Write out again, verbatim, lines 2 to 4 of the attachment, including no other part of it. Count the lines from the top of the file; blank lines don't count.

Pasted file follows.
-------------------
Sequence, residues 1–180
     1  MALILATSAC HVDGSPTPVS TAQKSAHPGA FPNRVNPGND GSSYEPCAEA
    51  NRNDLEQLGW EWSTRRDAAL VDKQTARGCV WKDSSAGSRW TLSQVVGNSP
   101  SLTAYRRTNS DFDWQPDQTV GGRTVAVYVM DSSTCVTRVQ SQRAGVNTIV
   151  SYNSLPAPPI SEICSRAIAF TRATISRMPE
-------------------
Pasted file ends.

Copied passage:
     1  MALILATSAC HVDGSPTPVS TAQKSAHPGA FPNRVNPGND GSSYEPCAEA
    51  NRNDLEQLGW EWSTRRDAAL VDKQTARGCV WKDSSAGSRW TLSQVVGNSP
   101  SLTAYRRTNS DFDWQPDQTV GGRTVAVYVM DSSTCVTRVQ SQRAGVNTIV